Pickles urged the new Secretary of State “to ensure that DFID exercises far stricter oversight of aid given to Palestinian organisations, to ensure it reaches projects that work for peace rather than hate”, adding: “it is encouraging that Priti is showing an eagerness to tackle these issues”.
Later that month, Patel duly responded via a letter to officials from the Jewish Leadership Council and Board of Deputies of British Jews, saying she was “deeply concerned by these accusations” (the abuses experienced by Halabi in detention were not mentioned).
Though DFID was not funding any World Vision operations in the occupied Palestinian territory (oPt), Patel continued, the department would “not consider any future funding” to World Vision work in the oPt until the charity completed an audit “and we have had the opportunity to full consider our position”. She added: “Let me reassure you that I am taking this matter extremely seriously”
Patel’s response was cheered by CFI’s Lord Polak: “This is welcome news from the Secretary of State”, he said. “We have been campaigning for many years for transparency and it is clear that DFID are taking this matter seriously”.
In autumn 2016, Israel’s friends in Westminster were keen to keep up the focus on so-called ‘incitement’ by the PA. Ian Austin MP, an LFI veteran, invited Patel to meet him and “a small group of colleagues”, in order “to discuss your department’s work in relation to the Palestinian Authority”.
Patel’s swift response revealed that the International Development Secretary was “conducting a full examination of our work in the [oPt]”, including “the future of our support to the PA”. She added: “I would be pleased to meet with you and other colleagues to discuss these issues”.
Then, in October, came the dramatic news that Patel’s department had “suspended” aid to the PA over payments to prisoners, a development hailed by the CFI’s Eric Pickles and Lord Polak as “an important step towards peace”; Patel, they remarked approvingly, had “acted quickly to challenge a long-standing abuse of well-intentioned international aid money”.
Except, it wasn’t quite true. There was no suspension of aid, rather a review, or “examination”, whose results became clear in December, when the government announce that aid to the PA would hence forth be restricted to supporting “the salaries of health and education public servants on a vetted list”. For CFI, Lord Polak, and others, Patel had nevertheless delivered a win.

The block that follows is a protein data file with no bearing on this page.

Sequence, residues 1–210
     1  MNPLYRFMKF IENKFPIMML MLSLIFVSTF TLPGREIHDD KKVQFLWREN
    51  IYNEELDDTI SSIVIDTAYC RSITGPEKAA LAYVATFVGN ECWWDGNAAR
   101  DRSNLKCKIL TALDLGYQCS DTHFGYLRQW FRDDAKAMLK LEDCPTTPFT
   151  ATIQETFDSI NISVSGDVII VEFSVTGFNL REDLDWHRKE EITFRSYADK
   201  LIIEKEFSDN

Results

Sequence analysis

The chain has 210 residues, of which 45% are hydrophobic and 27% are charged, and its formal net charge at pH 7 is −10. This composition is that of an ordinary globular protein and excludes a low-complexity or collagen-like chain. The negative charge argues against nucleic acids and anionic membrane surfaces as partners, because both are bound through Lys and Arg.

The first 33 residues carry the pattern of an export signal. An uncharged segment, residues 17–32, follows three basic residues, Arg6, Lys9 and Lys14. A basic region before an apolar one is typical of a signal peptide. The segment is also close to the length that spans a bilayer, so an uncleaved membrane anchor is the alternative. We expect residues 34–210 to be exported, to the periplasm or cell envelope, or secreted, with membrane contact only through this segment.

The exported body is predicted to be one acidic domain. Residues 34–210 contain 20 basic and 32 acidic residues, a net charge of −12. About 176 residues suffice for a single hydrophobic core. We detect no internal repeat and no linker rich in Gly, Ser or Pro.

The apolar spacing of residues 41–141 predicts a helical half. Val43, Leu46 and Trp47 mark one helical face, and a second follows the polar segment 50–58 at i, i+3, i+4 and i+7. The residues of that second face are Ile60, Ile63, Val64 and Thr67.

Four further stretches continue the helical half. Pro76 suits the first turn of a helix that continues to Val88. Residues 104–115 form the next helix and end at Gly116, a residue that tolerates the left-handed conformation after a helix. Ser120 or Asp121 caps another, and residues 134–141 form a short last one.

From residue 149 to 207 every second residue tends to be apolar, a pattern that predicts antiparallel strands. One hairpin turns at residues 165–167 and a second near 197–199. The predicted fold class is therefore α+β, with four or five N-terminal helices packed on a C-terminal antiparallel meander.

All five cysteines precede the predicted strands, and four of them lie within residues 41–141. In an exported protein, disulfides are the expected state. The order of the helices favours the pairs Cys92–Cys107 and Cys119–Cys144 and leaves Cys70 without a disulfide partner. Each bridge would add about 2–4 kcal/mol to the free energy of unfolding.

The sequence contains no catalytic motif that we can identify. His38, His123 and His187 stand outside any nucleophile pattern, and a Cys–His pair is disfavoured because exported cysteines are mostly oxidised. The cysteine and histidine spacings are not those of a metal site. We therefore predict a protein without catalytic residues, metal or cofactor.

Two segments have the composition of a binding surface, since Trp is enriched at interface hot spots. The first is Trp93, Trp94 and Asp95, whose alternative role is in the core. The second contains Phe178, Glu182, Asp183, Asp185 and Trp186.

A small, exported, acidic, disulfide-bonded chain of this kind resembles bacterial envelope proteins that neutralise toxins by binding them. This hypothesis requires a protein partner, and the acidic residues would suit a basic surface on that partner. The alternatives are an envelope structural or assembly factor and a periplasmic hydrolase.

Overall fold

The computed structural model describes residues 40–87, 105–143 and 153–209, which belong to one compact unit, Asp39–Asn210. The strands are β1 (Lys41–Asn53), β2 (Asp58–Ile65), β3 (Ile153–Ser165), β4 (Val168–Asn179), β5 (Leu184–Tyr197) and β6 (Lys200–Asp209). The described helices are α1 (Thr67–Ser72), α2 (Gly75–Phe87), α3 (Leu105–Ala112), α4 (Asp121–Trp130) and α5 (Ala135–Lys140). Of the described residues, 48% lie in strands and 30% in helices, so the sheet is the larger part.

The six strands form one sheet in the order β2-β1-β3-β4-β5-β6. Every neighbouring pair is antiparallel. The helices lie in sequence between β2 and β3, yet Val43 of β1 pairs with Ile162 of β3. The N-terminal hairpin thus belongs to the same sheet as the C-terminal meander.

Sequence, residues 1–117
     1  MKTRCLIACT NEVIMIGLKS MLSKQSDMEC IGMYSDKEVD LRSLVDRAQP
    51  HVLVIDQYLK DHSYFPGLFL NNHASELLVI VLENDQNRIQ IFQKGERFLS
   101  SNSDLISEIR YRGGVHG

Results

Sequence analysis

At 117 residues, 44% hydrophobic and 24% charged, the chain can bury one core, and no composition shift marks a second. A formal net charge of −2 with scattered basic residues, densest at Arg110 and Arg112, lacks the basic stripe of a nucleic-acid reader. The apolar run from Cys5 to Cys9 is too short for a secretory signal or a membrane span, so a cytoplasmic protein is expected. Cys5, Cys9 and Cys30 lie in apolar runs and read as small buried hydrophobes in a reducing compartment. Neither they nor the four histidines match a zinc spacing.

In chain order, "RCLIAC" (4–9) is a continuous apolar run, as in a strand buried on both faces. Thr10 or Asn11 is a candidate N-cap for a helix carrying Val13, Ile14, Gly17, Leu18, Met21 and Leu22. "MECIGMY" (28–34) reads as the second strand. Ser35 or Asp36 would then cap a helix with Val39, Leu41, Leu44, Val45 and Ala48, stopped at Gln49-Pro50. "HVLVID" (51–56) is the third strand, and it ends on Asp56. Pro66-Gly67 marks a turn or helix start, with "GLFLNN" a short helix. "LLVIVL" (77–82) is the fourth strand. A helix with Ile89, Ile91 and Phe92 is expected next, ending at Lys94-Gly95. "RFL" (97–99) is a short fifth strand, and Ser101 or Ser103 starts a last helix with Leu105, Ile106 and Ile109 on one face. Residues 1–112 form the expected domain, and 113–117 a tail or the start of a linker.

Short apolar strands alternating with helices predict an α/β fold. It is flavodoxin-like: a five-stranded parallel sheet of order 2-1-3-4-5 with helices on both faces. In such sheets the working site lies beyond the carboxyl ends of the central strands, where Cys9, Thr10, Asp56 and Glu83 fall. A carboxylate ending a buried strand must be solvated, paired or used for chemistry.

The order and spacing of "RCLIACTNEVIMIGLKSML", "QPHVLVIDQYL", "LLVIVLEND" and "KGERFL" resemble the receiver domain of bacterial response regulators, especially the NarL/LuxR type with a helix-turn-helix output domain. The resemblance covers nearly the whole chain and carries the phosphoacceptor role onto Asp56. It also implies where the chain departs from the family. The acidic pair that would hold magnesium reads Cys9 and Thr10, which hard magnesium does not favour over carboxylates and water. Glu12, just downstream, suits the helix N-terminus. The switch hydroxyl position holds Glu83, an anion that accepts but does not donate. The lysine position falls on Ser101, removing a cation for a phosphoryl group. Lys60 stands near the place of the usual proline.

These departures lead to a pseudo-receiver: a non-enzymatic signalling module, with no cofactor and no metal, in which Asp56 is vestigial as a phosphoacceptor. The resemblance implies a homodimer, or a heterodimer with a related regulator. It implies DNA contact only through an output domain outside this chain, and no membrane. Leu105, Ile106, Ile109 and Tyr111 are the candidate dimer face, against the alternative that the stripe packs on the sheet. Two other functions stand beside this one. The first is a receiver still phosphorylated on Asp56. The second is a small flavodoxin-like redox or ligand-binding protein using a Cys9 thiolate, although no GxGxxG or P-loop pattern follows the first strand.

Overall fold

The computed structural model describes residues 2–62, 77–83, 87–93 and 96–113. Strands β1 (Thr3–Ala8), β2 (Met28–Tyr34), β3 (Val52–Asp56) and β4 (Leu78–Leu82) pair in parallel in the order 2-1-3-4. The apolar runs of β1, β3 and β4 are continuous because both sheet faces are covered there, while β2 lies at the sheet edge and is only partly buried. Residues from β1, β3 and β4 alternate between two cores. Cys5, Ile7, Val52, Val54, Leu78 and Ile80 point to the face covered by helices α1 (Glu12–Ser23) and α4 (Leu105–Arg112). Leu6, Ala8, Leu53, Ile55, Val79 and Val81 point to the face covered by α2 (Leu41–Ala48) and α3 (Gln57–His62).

Indeed, it is doubtful whether Israel’s lobbyists genuinely seek a termination of DFID funding to the PA, as some imply. The continued funding (even in its ring-fenced form) keeps the issue of ‘incitement’ alive at Westminster – and Patel was clearly only too happy to keep it on the agenda, as her February 2017 request to LFI’s Ryan and Austin for evidence of PA ‘incitement’ demonstrated.
Patel delivered another success for Westminster’s pro-Israel lobby groups. In December 2016, LFI chair Joan Ryan wrote to Patel to request DFID’s support for a ‘co-existence’ fund that would “help to build powerful constituencies for peace in Israel and Palestine, forcing leaders in both countries to return to meaningful negotiations”.
After gaining the endorsement of the Board of Deputies of British Jews and the Jewish Leadership Council, in July 2017, Patel’s department agreed to “provide up to £3 million over three years to fund a co-existence or ‘people-to-people’ programme”.
CFI was, of course, “delighted” that Patel had “secured this unprecedented funding”, which, the statement continued, “together with the redirection of Palestinian Authority aid to health and education will ensure taxpayers value for money while directly supporting conflict resolution”.
Israel and its lobbyists clearly had high hopes for Patel. In June, Lord Polak told the House of Lords he was “certain that Priti will continue to ensure that our support goes to the right place”. Pickles hailed “an era where Priti is going to deliver international aid…to people in need that we are going to be proud of”. The change in aid to the PA saw Patel ‘commended’ by Israeli Ambassador Mark Regev.
At the CFI reception in January 2017, Patel told attendees that her department has a “very important role it plays when it comes to Israel”. But the disgraced former minister and the likes of Lord Polak seem to have got a bit ahead of themselves. The confusion in October 2016 over payments to the PA, for example, saw Patel order a freeze even as civil servants were “trying to continue a review”.
The efforts to use DFID as a vehicle for foreign policy, and specifically, to amplify and advance the propaganda talking points of an Israeli government completely disinterested in compromise, came unstuck. “More closely aligned with CFI and Lord Polak than her own department’s civil servants”, as The Jewish Chronicle put it, “Ms Patel effectively went rogue”.
Published first by Middle East Monitor.